Donating to and seeing children at St. Jude Children’s Hospital opened Chelsy Skalada’s eyes — and motivated her to give up all of her hair.
“I told myself that I’d do anything to help find a cure” for childhood cancers, the Austintown woman said after having all her hair shaved off during Saturday’s sixth annual Pre-St. Patty’s Day Bash at O’Donold’s Irish Pub & Grille in the Austintown Plaza on Mahoning Avenue.
The all-day event also featured 30- to 45-minute sets from 17 local and regional bands that played a variety of hip-hop, rock ’n’ roll, reggae and alternative music inside the eatery or in a heated outdoor tent in the parking lot.
Skalada was one of at least 30 people who volunteered to shed their hair to raise money for the Pasadena, Calif.-based St. Baldrick’s Foundation, a 12-year-old volunteer-driven charity dedicated to funding research to find cures for childhood cancers and giving survivors long, healthy lives. A goal of Saturday’s gathering was to raise $30,000 for the organization, noted Christian Rinehart, O’Donold’s owner.
St. Baldrick‘s is the second-largest funding source for childhood cancer-research grants, according to its website.
Watching children struggle with the disease was primarily what spurred her to participate in Saturday’s event, said Skalada, who works at Goodwill Industries Inc. in Austintown and who came with her mother, Ruth D’Amico.
Also taking a seat in one of two barber chairs just outside the eatery to lose
all of her long, blond hair was Monica Rich of Austintown, the mother of five children age 3 months to 12 years.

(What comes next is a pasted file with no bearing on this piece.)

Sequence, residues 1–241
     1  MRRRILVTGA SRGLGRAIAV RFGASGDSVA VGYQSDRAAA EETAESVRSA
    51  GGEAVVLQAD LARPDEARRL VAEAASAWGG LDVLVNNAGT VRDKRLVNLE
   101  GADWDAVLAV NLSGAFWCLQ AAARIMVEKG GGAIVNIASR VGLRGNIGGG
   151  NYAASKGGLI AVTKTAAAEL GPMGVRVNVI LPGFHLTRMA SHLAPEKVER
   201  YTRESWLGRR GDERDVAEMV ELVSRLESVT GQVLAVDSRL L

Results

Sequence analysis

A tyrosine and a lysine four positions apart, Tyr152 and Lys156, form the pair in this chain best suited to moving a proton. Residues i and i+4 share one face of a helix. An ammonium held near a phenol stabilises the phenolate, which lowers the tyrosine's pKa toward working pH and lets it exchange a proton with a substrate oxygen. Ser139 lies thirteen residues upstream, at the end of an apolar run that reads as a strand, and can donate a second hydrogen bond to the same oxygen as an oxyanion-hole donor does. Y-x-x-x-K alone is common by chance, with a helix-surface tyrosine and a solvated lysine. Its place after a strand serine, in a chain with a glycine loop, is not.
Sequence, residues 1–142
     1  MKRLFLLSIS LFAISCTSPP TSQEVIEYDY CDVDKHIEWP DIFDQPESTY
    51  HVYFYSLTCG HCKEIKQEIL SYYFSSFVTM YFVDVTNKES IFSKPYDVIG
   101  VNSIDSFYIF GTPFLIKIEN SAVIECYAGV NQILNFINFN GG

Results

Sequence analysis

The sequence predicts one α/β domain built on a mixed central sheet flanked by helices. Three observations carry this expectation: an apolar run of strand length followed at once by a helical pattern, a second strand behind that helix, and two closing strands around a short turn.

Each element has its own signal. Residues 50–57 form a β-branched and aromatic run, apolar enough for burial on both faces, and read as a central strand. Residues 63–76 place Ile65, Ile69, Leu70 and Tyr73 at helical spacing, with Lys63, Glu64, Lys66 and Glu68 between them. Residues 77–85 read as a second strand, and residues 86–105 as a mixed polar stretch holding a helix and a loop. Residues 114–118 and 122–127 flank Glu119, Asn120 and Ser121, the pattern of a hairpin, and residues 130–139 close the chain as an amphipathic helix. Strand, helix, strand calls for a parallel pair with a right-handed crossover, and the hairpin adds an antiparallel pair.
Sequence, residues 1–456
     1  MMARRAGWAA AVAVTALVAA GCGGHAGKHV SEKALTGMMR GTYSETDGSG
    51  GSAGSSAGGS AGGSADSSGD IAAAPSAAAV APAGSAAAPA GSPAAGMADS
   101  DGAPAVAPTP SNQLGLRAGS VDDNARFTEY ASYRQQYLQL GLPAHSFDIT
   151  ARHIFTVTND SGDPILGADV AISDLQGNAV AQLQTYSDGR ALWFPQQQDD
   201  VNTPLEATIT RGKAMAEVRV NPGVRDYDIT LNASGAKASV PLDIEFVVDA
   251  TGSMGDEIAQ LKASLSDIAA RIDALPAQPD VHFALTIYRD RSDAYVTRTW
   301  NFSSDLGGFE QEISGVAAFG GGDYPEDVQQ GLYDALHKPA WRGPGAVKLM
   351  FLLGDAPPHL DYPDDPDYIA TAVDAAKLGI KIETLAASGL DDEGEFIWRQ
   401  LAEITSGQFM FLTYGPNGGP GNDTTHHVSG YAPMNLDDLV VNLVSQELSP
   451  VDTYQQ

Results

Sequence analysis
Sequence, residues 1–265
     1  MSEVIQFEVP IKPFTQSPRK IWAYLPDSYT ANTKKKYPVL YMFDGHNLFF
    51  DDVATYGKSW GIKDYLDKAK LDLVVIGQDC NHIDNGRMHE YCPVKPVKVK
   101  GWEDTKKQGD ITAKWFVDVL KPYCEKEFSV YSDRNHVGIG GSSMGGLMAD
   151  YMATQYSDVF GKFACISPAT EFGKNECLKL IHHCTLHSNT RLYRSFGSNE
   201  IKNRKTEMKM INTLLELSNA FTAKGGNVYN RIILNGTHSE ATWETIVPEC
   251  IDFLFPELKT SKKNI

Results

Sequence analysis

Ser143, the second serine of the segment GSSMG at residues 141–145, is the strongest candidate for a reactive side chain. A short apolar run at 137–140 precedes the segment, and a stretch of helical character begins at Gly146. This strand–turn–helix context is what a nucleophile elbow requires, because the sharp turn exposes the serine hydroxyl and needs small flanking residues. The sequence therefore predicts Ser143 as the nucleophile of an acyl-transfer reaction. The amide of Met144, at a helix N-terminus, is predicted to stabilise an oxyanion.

“I thought this was something good I could do,” explained Rich, adding that she has a friend with a child who has cancer.
Rich said she was nervous but excited to have her head shaved for the first time.
Those who had their hair removed walked away with green buttons that read, “Ask why I’m bald.”
Many performers also were happy to support St. Baldrick’s, including Chuck Shaffer, one of four members of Particle 17, which was one of the gathering’s 17 bands.
“Our music is kind of funky and friendly on the ears. We try to keep people moving and dancing,” said Shaffer, who described his band’s style as “funky rock.”
Particle 17 formed last August and is made up of former members of other area groups, noted Shaffer, adding that he also wants to promote the local music scene.
Another relatively new band was Pilot the Mind, which formed just over two years ago, said Paco, who plays guitar and keyboards with the three-piece group.
The band, which specializes in “alternative, progressive, experimental rock” and plays a lot of instrumental music, gets its sound by fusing members’ interests in astronomy and art, perceptions of life and interpretations of many of life’s changes, as well as cause and effect, Paco explained.
Pilot the Mind also hopes to more firmly establish itself as part of Youngs-town’s entertainment scene, added David Mauerman, drummer.
The third member is Chris Krejci, who handles vocals, bass guitar and piano.
Saturday’s Pre-St. Patty’s Day event also had a basket auction and was a prelude for O’Donold’s annual St. Patrick’s Day gathering, which will be from 5:30 a.m. Saturday to 2:30 a.m. next Sunday, Rinehart noted.
That event will feature traditional Irish food and music, step dancers and bagpipe players and will benefit Hospice of the Valley, he said, adding that an estimated 61,000 people attended last year’s festivities.
Also on hand, Rinehart said, will be an estimated 20 designated drivers from DD 4 Hire of Boardman.
Source: Sean Barron, vindy.com/